The whole thing is "attached" to the boat with only four mini-bungee cords (short 8-10 inch cords). With the way I designed the frame for this boat, this proved to be all that was needed to keep the frame from shifting around. The frame is "bungee-ed" to the carry handles at the nose and tail, and at the edge of the "cockpit" on each side just about the middle of the boat. (I've left out many of the finer details of construction in this writing for sake of some brevity, but I would be happy to go into more detail if there is interest and inquiry by readers.)


    The left photo here shows a test fitting of the camo cover before adding the additional details. The camo material used is a commercial product made by Hunter's Specialties called H.S. Camo - 56"x12' Camo Leaf Blind (product model # 04092) in the "Advantage Max-4 HD" pattern, that simulates a grass-type environment. It also comes in a 56"x30' pack (#04093). This works great for fall and winter camouflage along the shores of marshes, lakes and ponds. It's a polyester fabric which weights virtually nothing, doesn't soak up water, dries quickly, and is pretty tough. It's easy to sew with a sewing machine, and the 4.5x12 foot pack (about 1.5x3 meters) was only $13.00, though I've seen it priced as much as $25.00 (the 4.5x30 foot pack is about $30-$35).

One Caveat: I must note here that the "Camo Leaf Blind" product is susceptible to deterioration from exposure to ultraviolet, salt water and weather in general. After occasional use over a three year period I found that the material used for the boat cover degraded into the consistency of heavy paper, and tore apart easily. I was not aware of this when I started using it. However, because of all it's other great characteristics, not the least of which is it's unequaled camouflage qualities in the Advantage Max 4D pattern, I do and will continue to use it for my projects. I do this with the knowledge that I will likely have to replace items with a newly made version after two or maybe three years of use. DO NOT expect this material to hold up if left outside in the elements on a continual long-term basis.

The camouflage material used. A package of rafia.
     A dozen small loops were sewn to the inside of the cover in strategic spots. These loops slip over the pipe frame during assembly and keep the cover from shifting or flapping in a breeze. As you can see, the cover is not pulled taught, though it is secure. I was afraid a taught cover would diminish the natural look. Then finally the finishing detail was added to the cover. The upper right image shows the cover after some homemade "tufts" of Rafia were added for additional 3D effect.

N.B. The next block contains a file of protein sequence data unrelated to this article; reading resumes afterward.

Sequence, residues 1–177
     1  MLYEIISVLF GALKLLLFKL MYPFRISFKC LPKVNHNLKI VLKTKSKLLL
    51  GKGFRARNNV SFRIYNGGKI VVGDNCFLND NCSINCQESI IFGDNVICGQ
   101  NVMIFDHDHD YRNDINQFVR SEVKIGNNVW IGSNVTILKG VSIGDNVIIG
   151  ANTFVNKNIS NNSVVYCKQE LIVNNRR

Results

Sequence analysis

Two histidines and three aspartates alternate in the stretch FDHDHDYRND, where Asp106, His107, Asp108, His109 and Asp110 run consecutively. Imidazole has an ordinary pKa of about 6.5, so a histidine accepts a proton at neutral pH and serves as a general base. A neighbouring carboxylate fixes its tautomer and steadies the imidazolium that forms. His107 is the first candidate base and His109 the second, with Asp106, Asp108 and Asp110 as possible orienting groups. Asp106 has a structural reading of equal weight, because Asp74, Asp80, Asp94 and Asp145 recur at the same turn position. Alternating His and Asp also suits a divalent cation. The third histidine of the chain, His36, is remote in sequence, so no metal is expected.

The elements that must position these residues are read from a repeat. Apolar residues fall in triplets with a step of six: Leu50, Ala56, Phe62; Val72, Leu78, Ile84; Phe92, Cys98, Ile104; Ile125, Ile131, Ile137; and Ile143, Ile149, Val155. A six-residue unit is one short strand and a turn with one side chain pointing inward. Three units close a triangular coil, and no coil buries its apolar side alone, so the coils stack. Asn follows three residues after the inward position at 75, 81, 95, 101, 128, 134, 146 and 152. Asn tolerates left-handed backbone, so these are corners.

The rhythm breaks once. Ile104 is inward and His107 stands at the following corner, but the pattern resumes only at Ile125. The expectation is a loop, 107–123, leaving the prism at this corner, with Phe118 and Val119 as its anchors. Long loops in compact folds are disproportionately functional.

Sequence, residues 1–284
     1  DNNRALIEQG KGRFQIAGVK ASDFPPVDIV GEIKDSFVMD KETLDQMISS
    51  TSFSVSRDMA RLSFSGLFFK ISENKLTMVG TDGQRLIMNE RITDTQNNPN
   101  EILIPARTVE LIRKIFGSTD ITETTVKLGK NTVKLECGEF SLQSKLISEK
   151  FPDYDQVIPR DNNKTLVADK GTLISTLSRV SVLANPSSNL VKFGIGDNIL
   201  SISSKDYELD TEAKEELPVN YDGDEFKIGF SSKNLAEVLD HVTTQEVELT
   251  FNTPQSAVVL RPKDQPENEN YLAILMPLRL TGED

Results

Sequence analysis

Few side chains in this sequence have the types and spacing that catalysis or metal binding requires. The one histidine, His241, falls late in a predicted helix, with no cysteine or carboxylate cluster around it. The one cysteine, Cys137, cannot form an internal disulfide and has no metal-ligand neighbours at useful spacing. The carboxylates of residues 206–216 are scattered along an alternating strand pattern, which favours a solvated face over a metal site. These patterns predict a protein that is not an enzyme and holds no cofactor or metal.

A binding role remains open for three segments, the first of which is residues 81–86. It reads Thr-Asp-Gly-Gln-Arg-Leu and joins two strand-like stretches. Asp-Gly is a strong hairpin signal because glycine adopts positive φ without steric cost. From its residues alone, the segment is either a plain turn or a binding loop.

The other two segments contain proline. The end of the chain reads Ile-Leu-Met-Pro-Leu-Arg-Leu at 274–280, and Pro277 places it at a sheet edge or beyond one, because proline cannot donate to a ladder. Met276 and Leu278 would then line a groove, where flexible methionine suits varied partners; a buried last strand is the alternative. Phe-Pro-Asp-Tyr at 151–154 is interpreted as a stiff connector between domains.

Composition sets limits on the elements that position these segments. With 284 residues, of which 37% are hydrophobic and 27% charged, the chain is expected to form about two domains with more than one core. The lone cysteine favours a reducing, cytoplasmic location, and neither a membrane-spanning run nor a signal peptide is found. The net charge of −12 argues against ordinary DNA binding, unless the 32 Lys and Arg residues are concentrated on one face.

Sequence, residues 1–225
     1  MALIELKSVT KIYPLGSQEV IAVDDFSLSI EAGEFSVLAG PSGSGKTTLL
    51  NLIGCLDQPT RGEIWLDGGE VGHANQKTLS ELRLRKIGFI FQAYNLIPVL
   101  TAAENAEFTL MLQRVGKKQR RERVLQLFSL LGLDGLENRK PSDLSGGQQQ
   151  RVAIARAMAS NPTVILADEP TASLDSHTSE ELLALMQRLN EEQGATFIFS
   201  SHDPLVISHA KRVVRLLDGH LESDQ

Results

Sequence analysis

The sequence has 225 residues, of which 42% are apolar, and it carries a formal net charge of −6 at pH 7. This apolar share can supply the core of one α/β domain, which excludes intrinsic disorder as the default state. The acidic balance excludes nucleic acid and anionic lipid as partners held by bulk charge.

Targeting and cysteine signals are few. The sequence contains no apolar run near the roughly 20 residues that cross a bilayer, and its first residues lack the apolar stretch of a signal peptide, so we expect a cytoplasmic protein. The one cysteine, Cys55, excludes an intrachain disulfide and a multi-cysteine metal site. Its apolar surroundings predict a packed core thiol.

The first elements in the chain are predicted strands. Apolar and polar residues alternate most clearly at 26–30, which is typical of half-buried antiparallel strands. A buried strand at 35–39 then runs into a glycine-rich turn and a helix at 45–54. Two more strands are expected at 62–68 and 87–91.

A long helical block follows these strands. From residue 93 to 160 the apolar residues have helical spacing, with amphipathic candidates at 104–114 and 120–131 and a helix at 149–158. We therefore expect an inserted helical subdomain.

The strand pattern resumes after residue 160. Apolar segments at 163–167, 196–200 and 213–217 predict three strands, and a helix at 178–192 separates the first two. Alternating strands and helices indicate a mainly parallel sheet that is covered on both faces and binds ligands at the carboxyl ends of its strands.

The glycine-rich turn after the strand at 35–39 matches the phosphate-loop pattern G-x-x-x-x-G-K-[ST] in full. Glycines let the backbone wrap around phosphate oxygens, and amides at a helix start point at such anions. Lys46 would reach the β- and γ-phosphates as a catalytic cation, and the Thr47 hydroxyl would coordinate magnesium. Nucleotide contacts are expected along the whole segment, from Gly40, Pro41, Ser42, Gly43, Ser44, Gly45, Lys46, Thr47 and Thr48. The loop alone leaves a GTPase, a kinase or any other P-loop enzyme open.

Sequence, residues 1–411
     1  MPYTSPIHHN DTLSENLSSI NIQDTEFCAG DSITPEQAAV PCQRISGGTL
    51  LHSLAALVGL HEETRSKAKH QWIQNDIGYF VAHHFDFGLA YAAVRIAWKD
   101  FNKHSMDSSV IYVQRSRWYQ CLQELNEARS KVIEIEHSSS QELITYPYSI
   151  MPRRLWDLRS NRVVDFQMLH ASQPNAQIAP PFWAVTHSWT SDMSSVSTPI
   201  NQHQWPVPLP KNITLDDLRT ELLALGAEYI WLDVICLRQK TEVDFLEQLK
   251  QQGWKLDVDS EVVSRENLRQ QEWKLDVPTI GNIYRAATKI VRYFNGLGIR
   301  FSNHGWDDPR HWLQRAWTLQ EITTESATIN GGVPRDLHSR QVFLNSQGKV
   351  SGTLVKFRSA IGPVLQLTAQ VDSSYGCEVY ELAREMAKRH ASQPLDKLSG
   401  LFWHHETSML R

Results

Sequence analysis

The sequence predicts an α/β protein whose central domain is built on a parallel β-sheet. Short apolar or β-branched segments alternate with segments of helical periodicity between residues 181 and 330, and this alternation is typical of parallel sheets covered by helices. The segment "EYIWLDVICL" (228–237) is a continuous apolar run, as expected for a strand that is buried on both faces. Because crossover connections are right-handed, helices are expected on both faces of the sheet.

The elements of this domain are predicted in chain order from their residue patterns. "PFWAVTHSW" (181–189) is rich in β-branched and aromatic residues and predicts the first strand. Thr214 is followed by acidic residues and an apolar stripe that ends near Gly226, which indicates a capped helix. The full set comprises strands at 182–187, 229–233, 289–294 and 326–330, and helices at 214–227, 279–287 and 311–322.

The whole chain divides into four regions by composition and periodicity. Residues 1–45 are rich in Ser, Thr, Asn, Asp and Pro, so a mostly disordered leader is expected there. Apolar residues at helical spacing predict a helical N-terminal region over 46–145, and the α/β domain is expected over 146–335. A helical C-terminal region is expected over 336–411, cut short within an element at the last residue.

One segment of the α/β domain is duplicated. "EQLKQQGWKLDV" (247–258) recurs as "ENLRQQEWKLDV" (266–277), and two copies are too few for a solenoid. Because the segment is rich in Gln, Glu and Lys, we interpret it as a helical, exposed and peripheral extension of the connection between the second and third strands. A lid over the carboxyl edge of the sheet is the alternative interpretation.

As for the other materials, I used a single package of Rafia (about $3.00 or $4.00 if memory serves me right) from the craft section of Wal-Mart. All the pvc tubing and fittings, and a pack of screws, came from a hardware supply and totaled around $10.00. I already had a couple of half-used cans of flat black Krylon spray acrylic on the shelf which sufficed for the frame painting.

     The partially disassembled frame and folded cover (shown at left) make a small package, altogether weighing perhaps 3 pounds. The frame sections will in fact breakdown into even smaller, shorter sections, and can be rolled up inside the cover material if desired, making a lightweight, easily portable package (the dining room chair in the photo is for size comparison).




 
    The photos here show how well this simple, inexpensive camouflage cover works. I was not wearing any camouflage gloves or face mask for these photos, though I was using a homemade camouflage cover on the camera. My head was covered with the hood of a camouflage rain jacket, which I wear along with a camo life-vest, and camo rain pants, the latter being mostly for keeping my legs from getting wet from the paddles dripping water.


     The sides of the frame around the "cockpit" will detach and lay in the boat, which allows the camo cover to collapse under my arms. This facilitates paddling, as shown in the below left photo. This is one of those details of construction that I have not gone into deeply. If there is interest, I can provide more explanations and photos with details of the design and construction of this camo cover and frame.

     After this initial trial of the cover I was quite satisfied with the whole concept. As you can see, the nose of the boat still needs to be lowered somehow. So, it was now time for me to go into phase two of the project - trolling motor, boat seat adjustment, headrest, etc.

Go to Page Two for "Phase Two".